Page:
Some academics write treatises about communication in development but do not undertake ‘projects’. Most communications practitioners, on the other hand, know well the highs and lows of field implementation but do not publish. Guy Bessette, the author of this book, is an exception to both rules: a PhD who is also a practitioner and who collates his experiences into a handbook to serve as a guide to others.
For those who equate communication with media, the idea the book expounds – that communication is a facilitator of the development process – may seem odd. This is not so for those who see development as people in communities actively and freely participating in tasks whose object is to make their collective lives better. Then communication means the interaction that must happen between and among the participants (and also their environment) if some common ground is to be reached through which their objective can be achieved. Hence communication virtually becomes the development process itself and the stakeholders – be they the community members or their various supporters who share an interest in the outcome – are development communicators as well.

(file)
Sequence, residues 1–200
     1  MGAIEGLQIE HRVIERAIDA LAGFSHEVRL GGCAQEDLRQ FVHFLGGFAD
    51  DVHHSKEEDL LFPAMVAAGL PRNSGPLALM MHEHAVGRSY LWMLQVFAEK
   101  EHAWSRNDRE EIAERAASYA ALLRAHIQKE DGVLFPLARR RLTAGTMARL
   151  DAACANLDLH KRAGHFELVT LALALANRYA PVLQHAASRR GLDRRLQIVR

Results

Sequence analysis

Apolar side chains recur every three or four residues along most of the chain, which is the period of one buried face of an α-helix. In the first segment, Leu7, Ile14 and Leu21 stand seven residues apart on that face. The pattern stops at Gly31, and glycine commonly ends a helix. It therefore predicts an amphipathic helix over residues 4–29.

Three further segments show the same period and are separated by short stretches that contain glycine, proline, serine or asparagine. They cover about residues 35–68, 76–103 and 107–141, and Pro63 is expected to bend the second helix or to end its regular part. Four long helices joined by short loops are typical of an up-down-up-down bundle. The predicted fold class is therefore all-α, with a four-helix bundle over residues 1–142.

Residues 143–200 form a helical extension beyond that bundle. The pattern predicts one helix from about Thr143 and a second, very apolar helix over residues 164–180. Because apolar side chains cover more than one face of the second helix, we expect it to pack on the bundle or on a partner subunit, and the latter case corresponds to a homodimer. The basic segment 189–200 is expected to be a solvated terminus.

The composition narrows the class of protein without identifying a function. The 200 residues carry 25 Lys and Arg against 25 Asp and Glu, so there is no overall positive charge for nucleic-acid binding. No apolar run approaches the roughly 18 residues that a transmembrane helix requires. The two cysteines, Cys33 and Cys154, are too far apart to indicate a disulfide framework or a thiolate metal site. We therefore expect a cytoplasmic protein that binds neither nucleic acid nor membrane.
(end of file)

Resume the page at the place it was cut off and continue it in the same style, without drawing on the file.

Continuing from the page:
The author uses environmental and natural resource management as the context in which to illustrate participatory development communication. However, he points out its equal utility in other development areas. He lays down its root concepts, walks the reader through a 10-step methodology for its application, and suggests some communication tools appropriate to the approach. Appended to the body of the book is a summary of the changing perception of the relationship between the twin processes of communication and development as the concept of development communication has evolved over the years. It adds a theoretical background to the material that gives it more depth not only for the development researcher and practitioner for whom the book is intended, but also for development communication students who are the researchers, practitioners and policymakers of the future.
If the definition of development is communities willingly participating in the very processes that lead to it, would not the ‘participatory’ in participatory development communication be superfluous? The author wrestled with the question . . . and finally decided to keep the qualifier in the book title. His decision is understandable. Until people’s participation is universally accepted as the first essential to their development, then one had better continue underlining the point that the communication associated with it has to be participatory!